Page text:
Google senior fellow Jeff Dean speaks at a 2017 event in China.
Source: Chris Wong | Google
Google’s top AI executive, Jeff Dean, told college students they should look to the events of 2020 for inspiration when deciding what they should pursue in their education and careers.
“2020 has been an incredibly challenging year with so many different things that are unusual or unexpected or very harmful from a society point of view and ecological point of view,” Dean said in a virtual fireside chat with college students Tuesday. “You have the pandemic, which has completely changed how we’re operating as societies, you have things like the George Floyd murder and the outrage justified from that. Then, you have things like the wildfire, which — I live in California and the sky two weeks ago was this apocalyptic orange.”
Dean said despite 2020 being an “unusual confluence of events,” he
WASHINGTON, Sept. 22, 2020 /PRNewswire/ — The Society for Science & the Public today announced that the National Science Board (NSB), the governing body of the National Science Foundation, has awarded Maya Ajmera with the 2020 Public Service Award. Ajmera is President and CEO of the Society for Science & the Public and Publisher of Science News.
NSB is recognizing Ajmera for “inspiring generations of young people to be science and technology leaders and innovators through the Society for Science & the Public, a non-profit organization best known for its world class science research competitions, award winning science journalism, and expansive outreach and equity programs.”
The Public Service Award is presented to individuals and groups each year that have contributed substantially to increasing public understanding of science and engineering.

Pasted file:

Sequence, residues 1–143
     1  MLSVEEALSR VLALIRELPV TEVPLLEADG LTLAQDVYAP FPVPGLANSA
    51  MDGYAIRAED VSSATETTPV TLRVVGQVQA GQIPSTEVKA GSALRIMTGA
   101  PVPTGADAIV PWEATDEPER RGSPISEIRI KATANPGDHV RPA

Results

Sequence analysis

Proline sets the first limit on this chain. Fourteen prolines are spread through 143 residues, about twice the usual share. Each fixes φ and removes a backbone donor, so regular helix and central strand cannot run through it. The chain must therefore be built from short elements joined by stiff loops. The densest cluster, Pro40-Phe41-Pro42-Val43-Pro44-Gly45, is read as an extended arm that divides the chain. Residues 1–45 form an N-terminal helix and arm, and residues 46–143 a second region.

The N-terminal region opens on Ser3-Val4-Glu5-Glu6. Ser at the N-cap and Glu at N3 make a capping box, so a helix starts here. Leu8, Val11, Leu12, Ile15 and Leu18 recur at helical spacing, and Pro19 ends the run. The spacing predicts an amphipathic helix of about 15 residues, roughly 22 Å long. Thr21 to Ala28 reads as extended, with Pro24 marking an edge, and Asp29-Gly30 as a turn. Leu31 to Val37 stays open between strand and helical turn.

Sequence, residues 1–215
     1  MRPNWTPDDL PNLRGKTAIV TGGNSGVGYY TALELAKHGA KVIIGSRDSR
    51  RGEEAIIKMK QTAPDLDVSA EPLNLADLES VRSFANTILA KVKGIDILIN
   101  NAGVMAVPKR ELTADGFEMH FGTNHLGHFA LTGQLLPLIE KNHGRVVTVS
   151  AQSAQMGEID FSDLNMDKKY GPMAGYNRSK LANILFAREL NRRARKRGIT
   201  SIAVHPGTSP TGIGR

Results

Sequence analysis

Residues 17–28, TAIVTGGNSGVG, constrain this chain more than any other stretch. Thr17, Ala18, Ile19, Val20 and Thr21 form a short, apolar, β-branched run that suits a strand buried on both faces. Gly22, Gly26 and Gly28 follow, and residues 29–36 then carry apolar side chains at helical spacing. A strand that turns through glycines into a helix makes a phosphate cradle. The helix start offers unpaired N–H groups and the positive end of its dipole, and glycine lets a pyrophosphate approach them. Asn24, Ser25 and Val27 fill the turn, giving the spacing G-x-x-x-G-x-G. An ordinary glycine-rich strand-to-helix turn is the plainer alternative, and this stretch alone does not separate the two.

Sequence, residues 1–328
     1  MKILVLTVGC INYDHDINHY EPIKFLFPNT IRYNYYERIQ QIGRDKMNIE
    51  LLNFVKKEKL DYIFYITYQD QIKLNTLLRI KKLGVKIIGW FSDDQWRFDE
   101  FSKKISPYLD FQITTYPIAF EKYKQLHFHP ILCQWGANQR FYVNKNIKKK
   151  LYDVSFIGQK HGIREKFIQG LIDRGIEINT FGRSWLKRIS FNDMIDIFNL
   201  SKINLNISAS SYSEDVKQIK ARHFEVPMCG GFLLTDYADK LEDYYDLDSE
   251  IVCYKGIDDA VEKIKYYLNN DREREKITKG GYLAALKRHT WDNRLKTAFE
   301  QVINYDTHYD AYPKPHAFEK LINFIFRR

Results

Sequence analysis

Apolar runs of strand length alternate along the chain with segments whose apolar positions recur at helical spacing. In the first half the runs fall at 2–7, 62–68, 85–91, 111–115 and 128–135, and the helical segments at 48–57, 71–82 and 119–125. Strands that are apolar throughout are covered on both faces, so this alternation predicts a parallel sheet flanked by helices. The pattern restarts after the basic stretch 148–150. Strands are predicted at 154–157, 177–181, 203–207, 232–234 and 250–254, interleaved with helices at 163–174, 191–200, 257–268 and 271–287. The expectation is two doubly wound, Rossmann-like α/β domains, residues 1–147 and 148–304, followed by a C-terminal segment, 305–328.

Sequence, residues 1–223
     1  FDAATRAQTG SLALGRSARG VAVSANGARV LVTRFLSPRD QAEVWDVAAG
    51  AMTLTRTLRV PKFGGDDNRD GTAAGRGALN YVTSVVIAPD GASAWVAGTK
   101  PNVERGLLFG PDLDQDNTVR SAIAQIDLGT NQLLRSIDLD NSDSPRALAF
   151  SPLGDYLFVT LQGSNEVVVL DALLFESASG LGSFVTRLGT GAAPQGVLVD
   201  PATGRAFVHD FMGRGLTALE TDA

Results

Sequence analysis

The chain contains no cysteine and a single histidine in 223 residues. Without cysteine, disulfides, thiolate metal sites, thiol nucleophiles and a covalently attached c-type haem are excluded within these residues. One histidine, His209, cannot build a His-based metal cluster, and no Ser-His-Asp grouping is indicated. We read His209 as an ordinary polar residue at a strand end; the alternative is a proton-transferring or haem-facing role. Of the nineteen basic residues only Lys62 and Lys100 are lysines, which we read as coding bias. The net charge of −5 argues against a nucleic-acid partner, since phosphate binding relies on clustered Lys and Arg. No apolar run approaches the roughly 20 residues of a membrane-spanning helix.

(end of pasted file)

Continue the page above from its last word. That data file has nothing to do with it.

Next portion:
Ajmera has helped to transform the nearly 100-year-old Society, strengthening the Society’s science research competitions. She spearheaded
In recent decades, ideas originating with Stanford students and faculty brought technologies that have disrupted industries, revolutionized business and eased communication in our daily lives. But they have also been linked to societal problems such as widening inequality, racial bias and lack of privacy.
Political science professors Margaret Levi and Rob Reich will co-lead the Ethics, Society and Technology (EST) Hub. (Image credit: L.A. Cicero)
As a way of ensuring that technological advances born at Stanford address the full range of ethical and societal implications, the Long-Range Vision launched the Ethics, Society and Technology (EST) Hub, co-led by Margaret Levi and Rob Reich, both professors of political science.
“Stanford is home to outstanding ethicists and social scientists but they haven’t been well integrated into the ways we teach about, or do research related to, technology,” said Debra Satz, the Vernon R. and Lysbeth Warren Anderson Dean of the School of
TOKYO — The U.S. government is starting to exclude Chinese students and researchers, while the Chinese government is going its own way when it comes to developing science and technology, trends that academics say will hollow out the institutions America has come to rely on to maintain its global competitiveness.
Researchers from the hegemons are used to collaborating and in many cases have become interdependent, but the U.S.-China decoupling in scientific research puts American science and technology advances at risk.
“I thought studying in Japan would be better than in the U.S.,” said Wang Yuchen, who is pursuing a Ph.D. at the University of Tokyo. Wang graduated from Peking University in 2016, having majored in physics. Accepted by Princeton University, he chose not to go.
The number of Chinese studying in the U.S. had been increasing until December 2017. As of January 2020, according to the U.S. Department of Homeland